M: “ Anything special about ‘Every Raindrop Means A Lot ‘?”
T : “We did that style on some of our album numbers as well. One of us wrote something, then we knitted it together with another part. We changed… a soft part, then added what could be a totally different song. So, it built up in a totally different way from the others that we did. I’ve never heard anything like it before in the same build up of a song. The rain in the song is shower picked up from the back of Europa Film Studios. They had the sound of a shower.  They have an enormous amount of cassettes with sounds. We just picked it out.”
M: “The song ‘ My Home Town’ appeared only on the ‘Popliigan’sampler LP.”
T: “Yeah. That was something like ‘The Man You’ll Be Looking For.’ I wrote it. It was quite hard to play because there’s a drum going backwards on that one. It keeps going the same all the time, you want something to happen with it.”
M:“You left the band in 1968?”
T: “Yeah, in the autumn, August or September, I think.”
M: “Any special reason?”
T: “No, just tired, just plain tired. There were little changes in the group as well. We didn’t really know which way we were going, or what we were going to do. You can say that in the beginning when everything just happened, the way we played the music was not at all on the level of the popularity. It was like the Monkees in the beginning. They were popular like that. It was usually others who used to play. We captured that. We got to the top, but then we went beyond gibing a certain kind of music which the public liked, what the public knew us for. We got away from that too much and started to experiment into wild dreams of writing progressive music and turning into a…We had a light show which was extraordinary in those days. It was incredible in those days what you had to work with. Nothing like the Jefferson Airplane or anything like that, but it was great! It was big. It was taken well in England. Our biggest thing was the shows during the  time we were out playing.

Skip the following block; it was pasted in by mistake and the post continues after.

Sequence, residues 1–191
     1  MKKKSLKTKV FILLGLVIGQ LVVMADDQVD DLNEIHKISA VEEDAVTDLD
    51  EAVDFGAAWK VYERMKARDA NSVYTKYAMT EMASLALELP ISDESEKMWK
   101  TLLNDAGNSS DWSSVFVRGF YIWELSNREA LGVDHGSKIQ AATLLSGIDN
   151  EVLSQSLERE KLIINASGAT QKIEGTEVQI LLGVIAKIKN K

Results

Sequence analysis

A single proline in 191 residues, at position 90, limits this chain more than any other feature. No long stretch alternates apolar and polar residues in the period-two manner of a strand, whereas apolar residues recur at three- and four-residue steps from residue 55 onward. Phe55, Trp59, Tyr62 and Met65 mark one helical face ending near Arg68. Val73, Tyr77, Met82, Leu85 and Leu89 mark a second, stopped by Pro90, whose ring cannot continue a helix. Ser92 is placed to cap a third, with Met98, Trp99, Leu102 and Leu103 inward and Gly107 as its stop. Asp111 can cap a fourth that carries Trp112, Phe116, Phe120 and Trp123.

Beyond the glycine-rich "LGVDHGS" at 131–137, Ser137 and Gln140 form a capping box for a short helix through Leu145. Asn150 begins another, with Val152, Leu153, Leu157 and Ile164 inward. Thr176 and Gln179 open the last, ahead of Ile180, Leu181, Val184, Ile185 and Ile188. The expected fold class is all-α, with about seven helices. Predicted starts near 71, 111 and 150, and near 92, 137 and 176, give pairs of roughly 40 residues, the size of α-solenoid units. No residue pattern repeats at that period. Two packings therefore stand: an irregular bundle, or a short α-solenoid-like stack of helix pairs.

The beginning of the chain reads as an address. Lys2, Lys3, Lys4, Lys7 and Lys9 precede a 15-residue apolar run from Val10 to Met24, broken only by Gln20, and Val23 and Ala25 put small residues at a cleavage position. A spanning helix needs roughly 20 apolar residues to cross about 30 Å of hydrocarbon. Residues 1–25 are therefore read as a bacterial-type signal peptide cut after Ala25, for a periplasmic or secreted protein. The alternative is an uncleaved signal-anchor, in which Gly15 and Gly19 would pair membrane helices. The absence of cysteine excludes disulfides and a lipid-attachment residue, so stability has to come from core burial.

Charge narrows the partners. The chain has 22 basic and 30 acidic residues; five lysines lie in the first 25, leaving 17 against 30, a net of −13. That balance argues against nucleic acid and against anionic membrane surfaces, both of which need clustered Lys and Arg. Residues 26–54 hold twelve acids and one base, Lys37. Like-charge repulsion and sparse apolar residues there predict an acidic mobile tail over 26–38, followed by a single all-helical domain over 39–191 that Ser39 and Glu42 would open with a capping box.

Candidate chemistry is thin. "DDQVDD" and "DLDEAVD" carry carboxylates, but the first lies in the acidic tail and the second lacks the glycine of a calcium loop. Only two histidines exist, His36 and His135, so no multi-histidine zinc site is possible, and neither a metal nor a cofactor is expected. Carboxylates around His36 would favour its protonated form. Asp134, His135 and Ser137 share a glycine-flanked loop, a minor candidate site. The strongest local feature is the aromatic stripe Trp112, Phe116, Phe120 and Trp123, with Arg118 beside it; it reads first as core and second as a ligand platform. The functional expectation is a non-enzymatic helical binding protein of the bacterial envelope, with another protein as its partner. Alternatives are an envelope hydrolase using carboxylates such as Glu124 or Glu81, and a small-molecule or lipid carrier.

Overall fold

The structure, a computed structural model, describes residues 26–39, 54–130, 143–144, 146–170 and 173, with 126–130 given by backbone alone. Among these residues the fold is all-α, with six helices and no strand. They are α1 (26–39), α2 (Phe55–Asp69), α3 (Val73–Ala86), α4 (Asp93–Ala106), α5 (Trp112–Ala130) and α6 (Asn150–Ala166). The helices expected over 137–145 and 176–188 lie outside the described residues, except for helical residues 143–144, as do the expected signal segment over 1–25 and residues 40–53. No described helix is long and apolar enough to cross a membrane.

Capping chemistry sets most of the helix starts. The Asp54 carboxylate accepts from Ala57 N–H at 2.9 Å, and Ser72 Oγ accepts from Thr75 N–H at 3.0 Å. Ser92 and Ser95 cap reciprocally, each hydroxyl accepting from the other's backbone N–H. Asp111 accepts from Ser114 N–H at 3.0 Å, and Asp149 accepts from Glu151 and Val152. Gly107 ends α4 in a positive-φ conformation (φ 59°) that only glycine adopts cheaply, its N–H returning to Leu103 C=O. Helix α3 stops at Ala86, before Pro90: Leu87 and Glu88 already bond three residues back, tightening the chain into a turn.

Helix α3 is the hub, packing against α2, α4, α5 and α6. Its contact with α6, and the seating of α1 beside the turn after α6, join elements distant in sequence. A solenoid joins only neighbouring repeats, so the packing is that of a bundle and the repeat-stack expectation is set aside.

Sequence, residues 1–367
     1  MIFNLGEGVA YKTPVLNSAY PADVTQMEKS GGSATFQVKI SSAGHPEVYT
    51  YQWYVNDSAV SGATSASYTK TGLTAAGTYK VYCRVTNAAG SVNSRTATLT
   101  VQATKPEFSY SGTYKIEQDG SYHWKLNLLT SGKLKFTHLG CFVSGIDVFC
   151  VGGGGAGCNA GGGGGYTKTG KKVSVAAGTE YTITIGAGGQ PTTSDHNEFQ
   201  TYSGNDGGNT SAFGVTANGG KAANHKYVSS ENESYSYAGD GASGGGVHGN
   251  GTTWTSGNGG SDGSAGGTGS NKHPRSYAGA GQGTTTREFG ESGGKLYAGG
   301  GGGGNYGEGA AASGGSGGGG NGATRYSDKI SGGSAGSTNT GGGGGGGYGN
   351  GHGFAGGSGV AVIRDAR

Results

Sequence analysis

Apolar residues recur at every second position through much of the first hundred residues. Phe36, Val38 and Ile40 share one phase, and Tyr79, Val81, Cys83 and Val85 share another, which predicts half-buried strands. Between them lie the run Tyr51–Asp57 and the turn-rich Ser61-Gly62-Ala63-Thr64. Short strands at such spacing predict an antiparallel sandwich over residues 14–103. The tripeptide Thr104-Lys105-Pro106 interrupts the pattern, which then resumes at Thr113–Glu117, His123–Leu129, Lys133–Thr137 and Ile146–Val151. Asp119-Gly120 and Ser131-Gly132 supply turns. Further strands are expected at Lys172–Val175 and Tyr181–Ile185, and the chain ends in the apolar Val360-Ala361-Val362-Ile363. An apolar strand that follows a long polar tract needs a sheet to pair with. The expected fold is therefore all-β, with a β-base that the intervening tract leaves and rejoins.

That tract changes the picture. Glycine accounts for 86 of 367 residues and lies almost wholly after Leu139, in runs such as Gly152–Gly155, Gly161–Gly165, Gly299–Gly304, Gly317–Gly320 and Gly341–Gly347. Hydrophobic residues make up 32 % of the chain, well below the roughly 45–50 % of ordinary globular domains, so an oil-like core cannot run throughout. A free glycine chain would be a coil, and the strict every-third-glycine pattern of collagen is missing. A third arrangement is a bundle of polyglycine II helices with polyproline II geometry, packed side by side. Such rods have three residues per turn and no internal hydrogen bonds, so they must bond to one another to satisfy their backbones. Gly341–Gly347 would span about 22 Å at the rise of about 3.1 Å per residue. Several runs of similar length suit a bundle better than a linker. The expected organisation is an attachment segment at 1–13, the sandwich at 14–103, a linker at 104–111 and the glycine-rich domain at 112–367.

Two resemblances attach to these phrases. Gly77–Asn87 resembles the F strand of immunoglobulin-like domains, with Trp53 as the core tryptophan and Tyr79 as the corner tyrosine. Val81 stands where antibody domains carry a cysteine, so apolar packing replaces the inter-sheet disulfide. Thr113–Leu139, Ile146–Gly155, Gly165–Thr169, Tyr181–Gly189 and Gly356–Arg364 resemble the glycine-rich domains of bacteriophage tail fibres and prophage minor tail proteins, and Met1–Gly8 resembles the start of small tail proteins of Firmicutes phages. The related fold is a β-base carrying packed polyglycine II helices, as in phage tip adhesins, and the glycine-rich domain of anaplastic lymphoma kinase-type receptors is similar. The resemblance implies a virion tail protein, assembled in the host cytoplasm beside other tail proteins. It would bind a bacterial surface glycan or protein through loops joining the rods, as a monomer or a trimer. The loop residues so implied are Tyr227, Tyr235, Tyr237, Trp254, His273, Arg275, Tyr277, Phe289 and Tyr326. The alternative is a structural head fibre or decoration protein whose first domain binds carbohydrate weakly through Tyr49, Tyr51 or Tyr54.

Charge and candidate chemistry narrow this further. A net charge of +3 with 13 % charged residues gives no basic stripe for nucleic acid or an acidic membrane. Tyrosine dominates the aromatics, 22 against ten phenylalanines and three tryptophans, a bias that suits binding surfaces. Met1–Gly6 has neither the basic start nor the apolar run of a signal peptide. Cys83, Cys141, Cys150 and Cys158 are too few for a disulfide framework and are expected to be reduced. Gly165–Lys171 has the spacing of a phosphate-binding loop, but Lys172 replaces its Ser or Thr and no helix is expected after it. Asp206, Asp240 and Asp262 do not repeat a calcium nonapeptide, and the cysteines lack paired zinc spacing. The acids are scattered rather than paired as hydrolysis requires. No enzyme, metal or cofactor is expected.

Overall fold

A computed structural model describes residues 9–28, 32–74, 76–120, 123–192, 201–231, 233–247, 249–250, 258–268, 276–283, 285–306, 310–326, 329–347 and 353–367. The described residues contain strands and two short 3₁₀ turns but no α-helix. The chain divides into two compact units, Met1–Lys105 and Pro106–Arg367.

We did some really good shows, we had a really good stage act.”
M: “You were saying that at the point where you first started becoming successful you weren’t playing as well as…”
T: “No,no. I don’t think we even know how to play! We didn’t find the roots and the basis for everything. After 1963, the American Blues and Song Festival—Sonny Boy Williamson, Lightnin’ Hopkins, and all those guys—came to Gothernberg and turned me and the rest of the boys onto the basis of the rhythm and blues music.
So, We dug, and in 1963 when we started to learn how to handle the guitar, we went beyond. We took the music of the Rolling Stones, and we found out who wrote that song. We went back and found the original. We went that way. The sweet music which we were performing on some of our records—the soft kind of music—that was not really our music. It was more the rhythm and blues and the rock that we performed onstage/ When we came to ‘Every Raindrop Means A Lot’, that was one of the breakthroughs. It’s still a verry good song.”
M: “That’s a definite transition period between the record companies.”
T: “We left because we didn’t get the support. Platina was a little record company. We were big in Denmark, but if we wanted to go out(of Sweden) we needed a bigger corporation behind us. EMI was the biggest, they could really do it. In those days: 1966,1967,1968,the interest from the rest of the world in Swedish groups was nothing.”